The Wake County school board’s solution for dealing with overcrowding at Mills Park elementary and middle schools is another sign of how school leaders prefer using measures that shift the burden of dealing with growth on newcomers as opposed to existing families.
As noted in today’s article, the school board nixed two options that would have eliminated the enrollment caps for the 2015-16 school year for the two schools by either converting them to year-round or by adding 21 trailers. By only adding five trailers, caps will remain in place at Mills Park and even expanded for the middle school.
The use of enrollment caps and spot nodes – now called preassignment of future housing developments – are ways that Wake can try to shift the impact of dealing with overcrowding on new families who haven’t yet arrived in Wake. For instance, 20 schools are under an enrollment cap this school year.
At Tuesday’s school board work session, school board member Bill Fletcher said he had looked at the different options for Mills Park, including capping and spot noding.
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“I kind of came to a conclusion on this one that the capping was perhaps the most fair strategy,” Fletcher said. “What developers don’t know is really what their takedown schedules are going to be. They go to the town and say ‘I’m going to build 70 houses a year for four years’ and they may wind up building a 100.
They may wind up building 40 and sitting there with 30 of them at the end of the year. So I would not want to be in a situation where we preassign five developments to a more distant school and then take the cap off of Mills Park and the next five developments pile into Mills Park. I don’t think that’s an equitable deal.
It seems that the capping strategy – which while it may be a little more expensive from a transportation standpoint and a logistical standpoint – is probably the closest thing to an adequate public facilities ordinance – although I don’t think APFs are the right way for us to go – that our current governmental structure allows, is that we don’t have enough room in this school for these children. Therefore we’re going to make a space available elsewhere and it’s done on a per-family basis as opposed to a neighborhood or what not.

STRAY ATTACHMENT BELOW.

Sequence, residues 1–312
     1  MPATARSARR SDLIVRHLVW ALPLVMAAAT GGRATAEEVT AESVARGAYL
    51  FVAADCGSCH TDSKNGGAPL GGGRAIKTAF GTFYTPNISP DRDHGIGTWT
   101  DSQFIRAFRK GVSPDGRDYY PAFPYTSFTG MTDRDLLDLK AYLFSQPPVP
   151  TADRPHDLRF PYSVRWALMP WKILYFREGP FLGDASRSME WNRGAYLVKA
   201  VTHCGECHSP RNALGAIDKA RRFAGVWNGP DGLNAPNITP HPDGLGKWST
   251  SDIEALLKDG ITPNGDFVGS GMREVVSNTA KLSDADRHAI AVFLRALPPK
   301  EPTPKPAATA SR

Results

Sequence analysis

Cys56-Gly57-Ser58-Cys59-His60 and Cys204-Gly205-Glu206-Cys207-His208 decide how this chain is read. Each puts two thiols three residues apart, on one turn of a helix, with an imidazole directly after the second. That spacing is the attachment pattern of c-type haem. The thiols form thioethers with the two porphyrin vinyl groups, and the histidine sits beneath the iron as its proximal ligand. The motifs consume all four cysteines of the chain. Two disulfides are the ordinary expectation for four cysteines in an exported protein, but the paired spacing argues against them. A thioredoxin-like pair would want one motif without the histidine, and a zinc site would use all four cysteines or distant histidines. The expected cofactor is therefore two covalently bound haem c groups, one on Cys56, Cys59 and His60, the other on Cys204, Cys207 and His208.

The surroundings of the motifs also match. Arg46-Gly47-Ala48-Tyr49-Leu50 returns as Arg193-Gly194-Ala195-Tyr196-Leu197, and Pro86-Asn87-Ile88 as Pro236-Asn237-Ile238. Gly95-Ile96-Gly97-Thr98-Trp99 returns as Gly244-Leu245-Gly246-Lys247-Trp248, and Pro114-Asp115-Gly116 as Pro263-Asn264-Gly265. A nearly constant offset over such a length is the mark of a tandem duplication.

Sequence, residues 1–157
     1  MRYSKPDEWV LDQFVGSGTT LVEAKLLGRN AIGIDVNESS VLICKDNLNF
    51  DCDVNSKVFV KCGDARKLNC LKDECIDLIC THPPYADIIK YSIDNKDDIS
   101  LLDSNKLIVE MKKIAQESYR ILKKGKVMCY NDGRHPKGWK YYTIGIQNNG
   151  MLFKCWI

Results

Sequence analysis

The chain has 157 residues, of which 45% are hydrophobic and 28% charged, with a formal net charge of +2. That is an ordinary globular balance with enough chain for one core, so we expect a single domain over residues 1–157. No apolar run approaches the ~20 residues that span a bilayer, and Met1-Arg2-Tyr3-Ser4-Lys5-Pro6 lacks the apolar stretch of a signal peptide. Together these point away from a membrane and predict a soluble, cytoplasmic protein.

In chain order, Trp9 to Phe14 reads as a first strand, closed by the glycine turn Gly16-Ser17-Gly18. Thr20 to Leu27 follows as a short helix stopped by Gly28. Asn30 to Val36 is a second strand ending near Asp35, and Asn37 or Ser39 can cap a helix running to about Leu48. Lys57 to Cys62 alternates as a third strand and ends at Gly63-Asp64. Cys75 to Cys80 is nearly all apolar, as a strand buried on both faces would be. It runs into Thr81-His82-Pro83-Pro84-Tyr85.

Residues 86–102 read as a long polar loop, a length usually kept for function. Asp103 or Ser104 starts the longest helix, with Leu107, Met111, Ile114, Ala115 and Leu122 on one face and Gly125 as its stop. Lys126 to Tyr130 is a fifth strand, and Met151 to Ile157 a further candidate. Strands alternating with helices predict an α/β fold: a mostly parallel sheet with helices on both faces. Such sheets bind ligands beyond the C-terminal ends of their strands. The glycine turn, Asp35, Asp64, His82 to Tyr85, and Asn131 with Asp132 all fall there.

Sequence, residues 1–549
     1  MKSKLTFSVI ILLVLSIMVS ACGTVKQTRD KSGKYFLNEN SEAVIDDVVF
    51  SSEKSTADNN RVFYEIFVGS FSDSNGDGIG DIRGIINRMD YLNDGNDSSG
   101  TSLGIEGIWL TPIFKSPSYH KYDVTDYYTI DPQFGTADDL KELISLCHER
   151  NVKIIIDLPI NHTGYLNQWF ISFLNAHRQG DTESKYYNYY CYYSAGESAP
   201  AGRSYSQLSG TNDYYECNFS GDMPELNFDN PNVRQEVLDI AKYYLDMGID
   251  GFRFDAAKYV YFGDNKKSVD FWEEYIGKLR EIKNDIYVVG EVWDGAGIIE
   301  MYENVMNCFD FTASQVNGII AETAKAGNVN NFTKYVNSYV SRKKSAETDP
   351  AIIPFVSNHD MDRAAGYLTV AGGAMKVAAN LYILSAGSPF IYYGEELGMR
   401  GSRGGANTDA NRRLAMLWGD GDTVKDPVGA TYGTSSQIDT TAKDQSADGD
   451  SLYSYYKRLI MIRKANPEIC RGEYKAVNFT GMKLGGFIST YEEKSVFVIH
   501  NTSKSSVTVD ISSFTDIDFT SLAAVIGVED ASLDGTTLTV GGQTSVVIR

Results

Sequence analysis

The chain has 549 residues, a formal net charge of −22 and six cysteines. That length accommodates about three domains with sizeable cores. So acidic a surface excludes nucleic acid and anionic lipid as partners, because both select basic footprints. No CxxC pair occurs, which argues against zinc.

I still think spot noding has its place. I’m just not sure this is the right place given the fact we’re looking at a four-year time frame (before the opening of Alston Ridge Middle School).”
During the regular meeting, school board member Susan Evans explained how capping was the lesser of evils than the other options.
“I do want to stress that these are stopgap measures,” Evans said. “I don’t think any of us felt like the calendar conversion was a positive thing. We didn’t feel like adding lots and lots of modulars was a positive thing.
We don’t feel like having schools overcrowded and existing under cap status and all these other things is a positive thing. But we think this compromise option will be the lesser of the evils and will help us survive the next couple of years while we’re waiting for some additional school capacity to come on board.”
The caps are predominantly in western and southwestern Wake, drawing concerns from elected officials in those towns, as shown in this Cary News article.